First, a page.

A Beginners\’ Guide To Merchandise Planning

Merchandise planning is defined as an organized approach to selecting, purchasing, presenting, and selling merchandise. This is done so that retailers can maximize their return on investment and reduce potential losses. Retailers also strive to satisfy customer demand by presenting the perfect merchandise to them at the right time, place, price, and quantity. The best way to do so is to develop a merchandise plan to make sure that everything is just right to meet customer demands. With so many factors in place, it might be confusing to start your merchandise planning. No need to fret as we have prepared a guide so you can learn more about merchandise planning and how to do it successfully.


The most basic and vital aspect of merchandising is the product. Without a product, what is there to sell? You have to ensure that you have the correct product and enough of it to fulfill consumer demand. With the numerous options out there, be sure to do your research to determine which products your customers will like and are more likely to purchase. You can also turn to your past sales data to see which products do well and which need to be replaced.


It is important to have a range of products to provide your customers with a variety of options. This does not mean that you should include every product you can find as part of your product line. You will also have to make sure that your product has depth so that your customers will find an interest in them. This is a fine line to balance depending on the store you have. Smaller retailers tend to have niche products with more depth while bigger retailers prefer to have a huge range of generic products.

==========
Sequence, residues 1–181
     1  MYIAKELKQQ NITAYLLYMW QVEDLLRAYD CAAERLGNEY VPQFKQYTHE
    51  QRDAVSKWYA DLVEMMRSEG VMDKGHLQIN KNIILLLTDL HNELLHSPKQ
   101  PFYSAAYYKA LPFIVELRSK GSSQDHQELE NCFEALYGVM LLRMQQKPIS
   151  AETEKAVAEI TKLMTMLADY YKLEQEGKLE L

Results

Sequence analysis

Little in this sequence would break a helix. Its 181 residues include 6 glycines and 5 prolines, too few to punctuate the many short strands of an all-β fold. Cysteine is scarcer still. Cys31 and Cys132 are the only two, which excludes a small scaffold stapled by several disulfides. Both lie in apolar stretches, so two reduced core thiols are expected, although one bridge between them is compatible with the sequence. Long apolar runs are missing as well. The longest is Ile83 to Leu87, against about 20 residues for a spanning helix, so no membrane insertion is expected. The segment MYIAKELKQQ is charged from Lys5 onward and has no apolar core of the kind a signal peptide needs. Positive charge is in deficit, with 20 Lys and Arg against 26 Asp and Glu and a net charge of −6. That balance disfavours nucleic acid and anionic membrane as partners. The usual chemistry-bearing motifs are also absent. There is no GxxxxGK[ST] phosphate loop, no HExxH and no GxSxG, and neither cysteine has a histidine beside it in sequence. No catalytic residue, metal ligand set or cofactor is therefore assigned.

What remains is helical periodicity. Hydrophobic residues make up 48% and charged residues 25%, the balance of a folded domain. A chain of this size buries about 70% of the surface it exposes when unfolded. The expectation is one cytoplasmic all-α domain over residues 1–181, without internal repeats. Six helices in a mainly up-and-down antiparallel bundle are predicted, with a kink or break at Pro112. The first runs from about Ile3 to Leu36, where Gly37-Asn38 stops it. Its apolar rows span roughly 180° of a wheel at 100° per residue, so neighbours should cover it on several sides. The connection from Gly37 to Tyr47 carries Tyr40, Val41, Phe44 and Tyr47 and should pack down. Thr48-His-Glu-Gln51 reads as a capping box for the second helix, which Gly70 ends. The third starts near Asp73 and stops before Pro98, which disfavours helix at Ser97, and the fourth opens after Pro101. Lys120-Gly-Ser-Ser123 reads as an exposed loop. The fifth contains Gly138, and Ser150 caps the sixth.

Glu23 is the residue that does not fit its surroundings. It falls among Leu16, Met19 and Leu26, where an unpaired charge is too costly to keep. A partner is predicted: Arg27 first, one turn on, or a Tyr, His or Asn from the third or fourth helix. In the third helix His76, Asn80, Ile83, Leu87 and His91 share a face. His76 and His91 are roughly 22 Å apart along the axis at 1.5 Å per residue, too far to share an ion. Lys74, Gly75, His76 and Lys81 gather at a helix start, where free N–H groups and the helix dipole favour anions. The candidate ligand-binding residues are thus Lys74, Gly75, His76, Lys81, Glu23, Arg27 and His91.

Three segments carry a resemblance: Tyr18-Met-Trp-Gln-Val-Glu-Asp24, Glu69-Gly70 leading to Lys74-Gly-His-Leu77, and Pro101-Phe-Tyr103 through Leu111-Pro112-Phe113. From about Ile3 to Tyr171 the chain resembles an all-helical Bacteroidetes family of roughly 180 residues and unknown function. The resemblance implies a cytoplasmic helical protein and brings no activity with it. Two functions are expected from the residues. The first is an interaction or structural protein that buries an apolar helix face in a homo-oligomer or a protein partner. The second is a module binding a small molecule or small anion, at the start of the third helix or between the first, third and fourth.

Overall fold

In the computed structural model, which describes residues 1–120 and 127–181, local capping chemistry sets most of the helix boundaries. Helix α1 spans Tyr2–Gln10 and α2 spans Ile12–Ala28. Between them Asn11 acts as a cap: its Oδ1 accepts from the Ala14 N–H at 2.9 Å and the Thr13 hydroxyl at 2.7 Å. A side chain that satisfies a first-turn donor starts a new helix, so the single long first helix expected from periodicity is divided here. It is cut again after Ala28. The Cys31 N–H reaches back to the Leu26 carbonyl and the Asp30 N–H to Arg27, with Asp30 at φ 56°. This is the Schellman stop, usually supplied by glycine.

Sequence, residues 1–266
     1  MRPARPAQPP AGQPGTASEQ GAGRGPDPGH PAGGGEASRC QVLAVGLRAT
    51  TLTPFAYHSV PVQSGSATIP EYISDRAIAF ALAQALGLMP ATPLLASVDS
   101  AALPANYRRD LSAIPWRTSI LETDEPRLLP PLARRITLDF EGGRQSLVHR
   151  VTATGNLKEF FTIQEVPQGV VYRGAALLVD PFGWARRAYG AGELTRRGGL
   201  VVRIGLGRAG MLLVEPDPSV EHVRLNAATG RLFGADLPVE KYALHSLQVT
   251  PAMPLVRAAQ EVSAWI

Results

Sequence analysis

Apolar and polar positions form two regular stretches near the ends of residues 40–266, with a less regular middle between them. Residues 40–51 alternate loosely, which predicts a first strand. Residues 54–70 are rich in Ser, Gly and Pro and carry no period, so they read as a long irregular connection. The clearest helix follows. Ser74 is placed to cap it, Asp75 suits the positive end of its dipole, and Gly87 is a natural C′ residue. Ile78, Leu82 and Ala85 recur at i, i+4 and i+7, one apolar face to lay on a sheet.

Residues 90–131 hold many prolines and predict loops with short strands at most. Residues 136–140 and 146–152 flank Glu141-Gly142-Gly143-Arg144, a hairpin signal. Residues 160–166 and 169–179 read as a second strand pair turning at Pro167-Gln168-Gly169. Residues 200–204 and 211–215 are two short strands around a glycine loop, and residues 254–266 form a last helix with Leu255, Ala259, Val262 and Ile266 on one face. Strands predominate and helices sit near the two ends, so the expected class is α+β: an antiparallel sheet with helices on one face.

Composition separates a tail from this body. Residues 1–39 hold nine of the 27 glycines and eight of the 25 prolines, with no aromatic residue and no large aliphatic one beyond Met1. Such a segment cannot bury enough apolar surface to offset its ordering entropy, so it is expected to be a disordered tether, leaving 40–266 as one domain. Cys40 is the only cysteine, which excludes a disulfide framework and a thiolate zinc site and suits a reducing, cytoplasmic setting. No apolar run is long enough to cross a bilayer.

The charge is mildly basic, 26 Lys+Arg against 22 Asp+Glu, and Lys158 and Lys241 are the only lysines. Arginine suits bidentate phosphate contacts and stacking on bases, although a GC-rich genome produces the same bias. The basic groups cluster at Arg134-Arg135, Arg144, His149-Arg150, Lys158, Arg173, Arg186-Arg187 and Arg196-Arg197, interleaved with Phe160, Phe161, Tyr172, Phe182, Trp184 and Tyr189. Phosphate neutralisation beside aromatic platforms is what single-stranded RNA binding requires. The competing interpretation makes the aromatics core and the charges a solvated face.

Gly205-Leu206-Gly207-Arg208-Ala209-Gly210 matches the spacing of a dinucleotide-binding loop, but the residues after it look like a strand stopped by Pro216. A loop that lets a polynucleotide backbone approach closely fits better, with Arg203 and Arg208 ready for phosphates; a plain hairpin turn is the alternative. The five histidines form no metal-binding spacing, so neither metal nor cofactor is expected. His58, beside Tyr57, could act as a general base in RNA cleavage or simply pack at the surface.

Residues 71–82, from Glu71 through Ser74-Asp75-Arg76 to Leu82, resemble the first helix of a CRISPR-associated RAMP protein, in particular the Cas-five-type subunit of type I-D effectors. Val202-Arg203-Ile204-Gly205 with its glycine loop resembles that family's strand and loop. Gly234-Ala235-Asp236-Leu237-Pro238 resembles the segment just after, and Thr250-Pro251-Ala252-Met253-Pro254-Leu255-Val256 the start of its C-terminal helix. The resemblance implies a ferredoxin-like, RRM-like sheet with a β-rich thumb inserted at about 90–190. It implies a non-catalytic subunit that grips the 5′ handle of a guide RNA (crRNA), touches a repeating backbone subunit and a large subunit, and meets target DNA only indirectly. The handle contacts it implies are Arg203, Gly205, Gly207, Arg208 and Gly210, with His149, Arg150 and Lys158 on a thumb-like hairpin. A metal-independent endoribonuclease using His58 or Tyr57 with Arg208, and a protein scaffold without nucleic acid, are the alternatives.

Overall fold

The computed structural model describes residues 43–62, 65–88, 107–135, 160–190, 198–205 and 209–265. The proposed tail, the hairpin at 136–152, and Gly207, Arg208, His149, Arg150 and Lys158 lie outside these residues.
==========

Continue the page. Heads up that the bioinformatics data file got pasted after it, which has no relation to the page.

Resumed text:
The balance between the price and quality of a product is a delicate one. However, there is no one-size-fits-all strategy in pricing your merchandise. The common approach is the price quality theory as developed by Philip Kotler. There are three levels of pricing and quality— high, medium, and low. This creates a three-by-three matrix of pricing strategies with six viable solutions. If your product quality is low, price it low as well, if your product quality is high, you can price it at any level depending on the value you want your customers to perceive. Such a strategy will allow you to appeal to the largest group of customers possible. Sales and promotions are also helpful in changing up the prices of less desirable products to clear them.


Presentation of your products will determine how your customers react to them. There are many ways to combine and present your products. For example, you can place similarly low-priced items together for customers who are seeking cheap products. In most retailers, products tend to be grouped according to their product types such as shoes or pants. You can also try out cross-merchandising by pairing items from different categories and displaying them together as a bundle.


A good store layout can make for a pleasant shopping experience and entice customers to spend more. Use a mix of displays such as mannequins, shelves, and fixtures to keep the store dynamic and interesting to walk through. A rule of thumb is to ensure products are at eye level.

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